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From Mathias De Maré <mathias.dem...@gmail.com>
Subject Re: Why the map input records are equal to the map output records
Date Wed, 12 Aug 2009 14:06:11 GMT
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On Wed, Aug 12, 2009 at 3:37 PM, Xine Jar <xinejar22@googlemail.com> wrote:

> Your proposed architecture is clear. You try to split the calculation load
> between the
> mapper and the reducer, and even creating another job for the final
> calculation.
>
> but if I shall keep reading in the mapper the way I am doing it know, this
> means that in order to sort all the temperature values, I still need to read
> the table N*N times where N is the number of records in a table? Right? So
> my initial problem persists!!! Isn't it possible to read the Table only
> once?


Yes, that's possible, and that's what I proposed.
The map function gets called for each record.
Your map function could be changed to something simple, like (pseudocode):

map(key, value) {
output.collect(key.temperature, value);
}

Then a reduce function (the key is the temperature you passed in the map
function):
reduce(key, List values) {
calculate_average();
}

And then a second job, like I mentioned.

Mathias


>
>
> For example if I would be using a textfile as an input instead of an hbase
> table, the standard way to do, is copying the file to a string, tokenize it,
> GO THROUGH IT ONCE  and filter out whatever I want!!
>
> A similar approach,going through the table only once, is not possible with
> and Hbase table ?!
>
>
>
> Regards,
> CJ
>
>
> 2009/8/12 Mathias De Maré <mathias.demare@gmail.com>
>
>> Well, I think you could probably take care of the issue by using a
>> somewhat different architecture.
>>
>> If I understand correctly, you take all of the values with the same
>> temperature together. This is in fact a Reduce operation.
>>
>> You could structure as follows:
>> -Read in like you do now, but make your Map simpler. For each map (so for
>> each record), write away the temperature as the key, and the record as a
>> value.
>> -Each reducer will then have a list of records, each with the same
>> temperature. You can sum the entries in the list and write everything away.
>> Then you will have 1 combined result per temperature.
>>
>> You could then start a second job that has a pass-through Mapper, and then
>> do your final calculation in the Reducer.
>>
>> Does it sound like I'm making sense to some degree? :-)
>>
>> Mathias
>>
>>
>> On Wed, Aug 12, 2009 at 2:38 PM, Xine Jar <xinejar22@googlemail.com>wrote:
>>
>>> Aha!! I understand!!
>>> So basically this is the reason why I am getting 100 written Map output
>>> records. Because the mapper is calling the collect() of the OutputCollector
>>> 100 times= number of records in the table.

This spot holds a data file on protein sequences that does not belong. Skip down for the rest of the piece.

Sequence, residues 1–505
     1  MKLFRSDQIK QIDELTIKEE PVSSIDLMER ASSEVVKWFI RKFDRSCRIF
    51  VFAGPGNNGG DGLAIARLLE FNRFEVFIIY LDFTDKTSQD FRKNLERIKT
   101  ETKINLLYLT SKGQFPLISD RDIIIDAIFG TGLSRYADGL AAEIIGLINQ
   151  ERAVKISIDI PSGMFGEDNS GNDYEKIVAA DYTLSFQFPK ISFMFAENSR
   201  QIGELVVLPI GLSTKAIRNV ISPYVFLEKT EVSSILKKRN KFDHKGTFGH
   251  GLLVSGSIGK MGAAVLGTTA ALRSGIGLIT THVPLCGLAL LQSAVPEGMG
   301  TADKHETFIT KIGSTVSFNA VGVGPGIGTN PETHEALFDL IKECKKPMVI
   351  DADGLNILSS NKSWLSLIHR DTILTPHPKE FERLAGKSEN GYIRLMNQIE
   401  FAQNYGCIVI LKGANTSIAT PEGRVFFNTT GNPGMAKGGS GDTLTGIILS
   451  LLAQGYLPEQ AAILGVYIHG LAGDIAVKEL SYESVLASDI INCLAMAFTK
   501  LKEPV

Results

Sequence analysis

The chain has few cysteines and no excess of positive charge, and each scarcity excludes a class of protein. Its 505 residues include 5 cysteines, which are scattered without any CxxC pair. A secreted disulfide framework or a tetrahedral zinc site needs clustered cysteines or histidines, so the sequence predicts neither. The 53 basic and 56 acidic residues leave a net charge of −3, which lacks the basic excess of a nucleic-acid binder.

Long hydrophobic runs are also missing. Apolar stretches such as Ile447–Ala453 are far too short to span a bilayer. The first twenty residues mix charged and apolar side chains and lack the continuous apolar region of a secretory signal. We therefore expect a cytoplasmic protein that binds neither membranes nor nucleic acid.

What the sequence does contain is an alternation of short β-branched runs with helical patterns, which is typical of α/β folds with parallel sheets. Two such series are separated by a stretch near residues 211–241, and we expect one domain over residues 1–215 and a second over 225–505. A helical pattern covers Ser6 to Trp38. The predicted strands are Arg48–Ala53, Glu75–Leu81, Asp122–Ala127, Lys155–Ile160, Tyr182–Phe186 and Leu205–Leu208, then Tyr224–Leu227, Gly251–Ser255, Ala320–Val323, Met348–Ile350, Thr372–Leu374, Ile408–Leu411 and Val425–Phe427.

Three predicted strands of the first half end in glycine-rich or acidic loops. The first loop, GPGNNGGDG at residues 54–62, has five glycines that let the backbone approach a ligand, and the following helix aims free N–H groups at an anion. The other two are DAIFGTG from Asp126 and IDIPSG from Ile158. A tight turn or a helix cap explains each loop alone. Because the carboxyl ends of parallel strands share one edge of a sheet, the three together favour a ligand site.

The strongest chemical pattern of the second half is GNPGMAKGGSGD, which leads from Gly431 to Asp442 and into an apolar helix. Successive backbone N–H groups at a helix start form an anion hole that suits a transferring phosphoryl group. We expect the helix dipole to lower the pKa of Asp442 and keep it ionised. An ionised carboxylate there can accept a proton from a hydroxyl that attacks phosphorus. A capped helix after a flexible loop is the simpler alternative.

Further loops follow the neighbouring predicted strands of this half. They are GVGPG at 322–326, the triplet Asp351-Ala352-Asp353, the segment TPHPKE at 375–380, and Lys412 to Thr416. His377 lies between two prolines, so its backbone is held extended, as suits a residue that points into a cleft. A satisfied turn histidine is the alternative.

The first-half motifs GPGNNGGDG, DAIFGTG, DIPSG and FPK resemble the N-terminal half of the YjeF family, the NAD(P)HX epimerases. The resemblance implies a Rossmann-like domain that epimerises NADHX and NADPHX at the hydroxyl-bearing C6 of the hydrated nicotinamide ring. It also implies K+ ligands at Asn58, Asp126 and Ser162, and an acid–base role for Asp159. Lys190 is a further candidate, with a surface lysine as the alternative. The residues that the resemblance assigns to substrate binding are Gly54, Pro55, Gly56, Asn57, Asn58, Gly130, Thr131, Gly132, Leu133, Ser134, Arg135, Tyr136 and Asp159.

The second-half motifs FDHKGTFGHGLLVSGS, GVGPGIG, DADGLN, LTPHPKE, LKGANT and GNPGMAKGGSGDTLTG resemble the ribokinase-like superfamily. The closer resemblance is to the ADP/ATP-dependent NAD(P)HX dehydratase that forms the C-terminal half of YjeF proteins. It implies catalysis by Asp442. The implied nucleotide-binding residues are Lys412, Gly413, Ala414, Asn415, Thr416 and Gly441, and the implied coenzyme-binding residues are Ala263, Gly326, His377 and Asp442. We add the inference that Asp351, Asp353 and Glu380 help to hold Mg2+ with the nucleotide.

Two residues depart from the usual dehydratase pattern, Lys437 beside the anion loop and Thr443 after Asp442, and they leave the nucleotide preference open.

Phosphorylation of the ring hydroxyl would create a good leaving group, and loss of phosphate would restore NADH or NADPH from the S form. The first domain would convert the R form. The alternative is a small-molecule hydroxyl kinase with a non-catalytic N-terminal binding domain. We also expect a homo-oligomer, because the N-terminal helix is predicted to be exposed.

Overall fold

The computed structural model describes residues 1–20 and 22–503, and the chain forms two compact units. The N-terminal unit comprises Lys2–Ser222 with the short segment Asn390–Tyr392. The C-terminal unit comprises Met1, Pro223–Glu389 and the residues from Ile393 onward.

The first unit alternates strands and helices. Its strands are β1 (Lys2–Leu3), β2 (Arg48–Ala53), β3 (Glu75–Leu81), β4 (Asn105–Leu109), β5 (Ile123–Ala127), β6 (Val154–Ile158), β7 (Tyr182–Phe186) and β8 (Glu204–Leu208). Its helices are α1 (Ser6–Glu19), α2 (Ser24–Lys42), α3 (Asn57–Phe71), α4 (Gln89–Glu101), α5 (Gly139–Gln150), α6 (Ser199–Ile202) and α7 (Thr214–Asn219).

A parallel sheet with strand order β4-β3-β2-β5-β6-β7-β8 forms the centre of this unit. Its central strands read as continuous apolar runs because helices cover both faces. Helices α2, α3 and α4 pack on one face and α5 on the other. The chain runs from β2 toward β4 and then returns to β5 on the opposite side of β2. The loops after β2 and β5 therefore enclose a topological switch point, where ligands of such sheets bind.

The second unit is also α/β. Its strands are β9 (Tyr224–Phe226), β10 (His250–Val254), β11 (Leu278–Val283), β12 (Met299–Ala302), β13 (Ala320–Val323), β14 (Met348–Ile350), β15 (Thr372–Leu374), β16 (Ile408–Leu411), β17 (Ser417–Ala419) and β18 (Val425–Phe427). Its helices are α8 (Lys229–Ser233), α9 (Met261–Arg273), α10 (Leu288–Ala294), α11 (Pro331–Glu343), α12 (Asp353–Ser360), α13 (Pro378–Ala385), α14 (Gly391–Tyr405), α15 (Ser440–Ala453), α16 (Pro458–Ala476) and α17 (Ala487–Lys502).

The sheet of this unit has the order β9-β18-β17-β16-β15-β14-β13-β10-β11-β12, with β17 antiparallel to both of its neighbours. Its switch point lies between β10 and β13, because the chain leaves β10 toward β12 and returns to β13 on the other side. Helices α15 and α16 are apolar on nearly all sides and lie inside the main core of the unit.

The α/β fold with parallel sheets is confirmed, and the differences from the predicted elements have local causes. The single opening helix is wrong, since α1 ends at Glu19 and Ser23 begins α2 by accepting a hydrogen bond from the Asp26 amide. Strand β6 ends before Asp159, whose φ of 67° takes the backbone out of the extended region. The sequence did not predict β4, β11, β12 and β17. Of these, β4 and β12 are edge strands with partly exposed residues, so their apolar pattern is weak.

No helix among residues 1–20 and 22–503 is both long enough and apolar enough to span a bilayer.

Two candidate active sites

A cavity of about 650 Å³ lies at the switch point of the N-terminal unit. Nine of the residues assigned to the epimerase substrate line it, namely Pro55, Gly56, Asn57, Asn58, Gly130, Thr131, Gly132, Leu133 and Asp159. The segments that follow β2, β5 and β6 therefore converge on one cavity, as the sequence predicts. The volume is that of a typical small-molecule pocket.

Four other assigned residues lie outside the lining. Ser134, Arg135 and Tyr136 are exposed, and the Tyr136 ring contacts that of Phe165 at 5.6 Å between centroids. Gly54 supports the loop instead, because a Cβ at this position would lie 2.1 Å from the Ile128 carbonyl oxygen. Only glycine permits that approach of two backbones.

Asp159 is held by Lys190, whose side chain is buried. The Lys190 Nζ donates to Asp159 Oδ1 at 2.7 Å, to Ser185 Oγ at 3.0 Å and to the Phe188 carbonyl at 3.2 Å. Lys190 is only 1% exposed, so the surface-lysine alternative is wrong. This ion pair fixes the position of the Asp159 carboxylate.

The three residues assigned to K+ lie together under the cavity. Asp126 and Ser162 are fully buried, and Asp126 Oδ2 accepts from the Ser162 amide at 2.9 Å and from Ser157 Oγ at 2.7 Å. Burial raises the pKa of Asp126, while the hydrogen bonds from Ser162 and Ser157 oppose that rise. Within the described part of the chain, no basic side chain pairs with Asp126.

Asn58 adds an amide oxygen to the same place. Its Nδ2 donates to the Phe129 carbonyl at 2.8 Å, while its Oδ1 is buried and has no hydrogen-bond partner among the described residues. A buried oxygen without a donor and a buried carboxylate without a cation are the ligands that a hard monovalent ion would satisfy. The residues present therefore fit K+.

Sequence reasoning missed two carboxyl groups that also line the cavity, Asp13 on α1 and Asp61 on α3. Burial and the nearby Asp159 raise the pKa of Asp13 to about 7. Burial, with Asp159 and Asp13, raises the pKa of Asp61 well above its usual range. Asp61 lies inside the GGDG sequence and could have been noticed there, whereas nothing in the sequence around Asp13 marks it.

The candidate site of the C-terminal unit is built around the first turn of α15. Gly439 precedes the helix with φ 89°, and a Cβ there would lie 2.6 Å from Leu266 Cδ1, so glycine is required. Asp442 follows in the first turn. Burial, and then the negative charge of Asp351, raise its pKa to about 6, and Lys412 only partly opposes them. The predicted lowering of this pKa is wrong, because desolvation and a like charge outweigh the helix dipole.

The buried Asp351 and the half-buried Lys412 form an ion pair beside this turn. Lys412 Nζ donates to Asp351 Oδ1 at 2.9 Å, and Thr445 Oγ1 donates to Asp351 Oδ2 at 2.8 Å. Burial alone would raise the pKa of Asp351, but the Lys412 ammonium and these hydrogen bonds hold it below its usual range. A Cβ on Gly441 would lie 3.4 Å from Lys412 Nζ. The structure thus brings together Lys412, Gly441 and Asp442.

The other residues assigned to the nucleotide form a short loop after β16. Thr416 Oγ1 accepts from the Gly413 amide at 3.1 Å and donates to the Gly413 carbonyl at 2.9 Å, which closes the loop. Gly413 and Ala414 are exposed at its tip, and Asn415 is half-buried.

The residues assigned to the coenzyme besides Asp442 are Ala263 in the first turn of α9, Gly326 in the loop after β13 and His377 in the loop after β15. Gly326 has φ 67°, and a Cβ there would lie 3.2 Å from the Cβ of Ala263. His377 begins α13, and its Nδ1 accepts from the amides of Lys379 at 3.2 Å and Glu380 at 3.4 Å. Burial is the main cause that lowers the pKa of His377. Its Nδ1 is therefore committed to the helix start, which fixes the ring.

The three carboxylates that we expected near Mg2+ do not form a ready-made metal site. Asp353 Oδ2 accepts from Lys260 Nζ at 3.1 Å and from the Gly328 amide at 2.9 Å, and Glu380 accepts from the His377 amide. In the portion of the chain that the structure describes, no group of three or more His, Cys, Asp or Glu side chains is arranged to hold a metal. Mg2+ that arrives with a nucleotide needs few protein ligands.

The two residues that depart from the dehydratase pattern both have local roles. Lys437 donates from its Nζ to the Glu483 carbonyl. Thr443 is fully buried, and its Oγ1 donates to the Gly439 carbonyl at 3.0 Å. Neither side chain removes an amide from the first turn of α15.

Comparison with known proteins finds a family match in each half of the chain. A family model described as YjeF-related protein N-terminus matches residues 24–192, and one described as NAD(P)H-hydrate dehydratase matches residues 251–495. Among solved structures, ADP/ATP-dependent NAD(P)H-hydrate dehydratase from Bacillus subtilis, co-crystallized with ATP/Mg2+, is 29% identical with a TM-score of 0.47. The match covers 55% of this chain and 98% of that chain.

>>>
>>> In this case I assume I have to pass the HBASE table instead of the
>>> records as an input to the mapper right? Is there such a Java example you
>>> could point it out for me?
>>>
>>> Regards,
>>> CJ
>>>
>>>
>>> 2009/8/12 Mathias De Maré <mathias.demare@gmail.com>
>>>
>>> Hi,
>>>>
>>>> On Tue, Aug 11, 2009 at 6:27 PM, Xine Jar <xinejar22@googlemail.com>wrote:
>>>>>
>>>>> *A snapshot of the Mapper :*
>>>>>
>>>>> *public void map(ImmutableBytesWritable key,RowResult value,
>>>>> OutputCollector<Text, Text> output, Reporter reporter) throws
>>>>> IOException {
>>>>>       double numberreadings=0;
>>>>>       double sumreadings=0;
>>>>>
>>>>>        if(table==null)
>>>>>          throw new IOException("table is null");
>>>>>
>>>>>       //set a scanner
>>>>>         Scanner scanner=table.getScanner(new String[] {"cf:Value",
>>>>> "cf:Type", "cf:TimeStamp", "cf:Latitude", "cf:Longitude",
>>>>> "cf:SensorNode"});
>>>>>         RowResult rowresult=scanner.next();
>>>>>
>>>>>      //scanning the table, filtering out the values, and count them
>>>>>        while(rowresult!=null){
>>>>>
>>>>>         String stringtype= new
>>>>> String((rowresult.get(Bytes.toBytes("cf:Type"))).getValue());
>>>>>
>>>>>         if((stringtype).equals("temperature")==true)
>>>>>            ///summ the correct reading value
>>>>>            {String stringval=new
>>>>> String((rowresult.get(Bytes.toBytes("cf:Value"))).getValue());
>>>>>             double doubleval=Double.parseDouble(stringval.trim());
>>>>>             sumreadings=sumreadings+doubleval;
>>>>>
>>>>>             ///summ the number of readings
>>>>>             numberreadings=numberreadings+1;
>>>>>            }
>>>>>          rowresult=scanner.next();
>>>>>
>>>>>         }
>>>>>
>>>>>        scanner.close();
>>>>>
>>>>>       //send the summ of the values as well as the number
>>>>>        String strsumreadings=Double.toString(sumreadings);
>>>>>        String strnumberreadings=Double.toString(numberreadings);
>>>>>        String strmapoutvalue= strsumreadings+" "+strnumberreadings;
>>>>>
>>>>>        mapoutputvalue.set(strmapoutvalue);
>>>>>        output.collect(mapoutputkey,mapoutputvalue);
>>>>>
>>>>>  }*
>>>>>
>>>>>
>>>>> *Questions:*
>>>>> 1-For 100 records, I noticed that I have 1 map task and 1 reduce task,
>>>>> and
>>>>> the job finishes after 12 Sec. Whenever I extend the number of records
>>>>> in
>>>>> the htable to 10,000 I still have 1 map and 1 reduce task and the job
>>>>> finishes after 1 hour!!!!!!
>>>>> The mapper is incredibly slow, what is so heavy in my code?
>>>>>
>>>>
>>>> From your code, it looks like you are using the HBase records as input
>>>> for the mapper. Then, for each record, you go through the entire table
>>>> again, so you do N scans of the HBase table, and read in total N*N records.
>>>> That's what's heavy in your code.
>>>>
>>>> Mathias
>>>>
>>>>
>>>
>>
>

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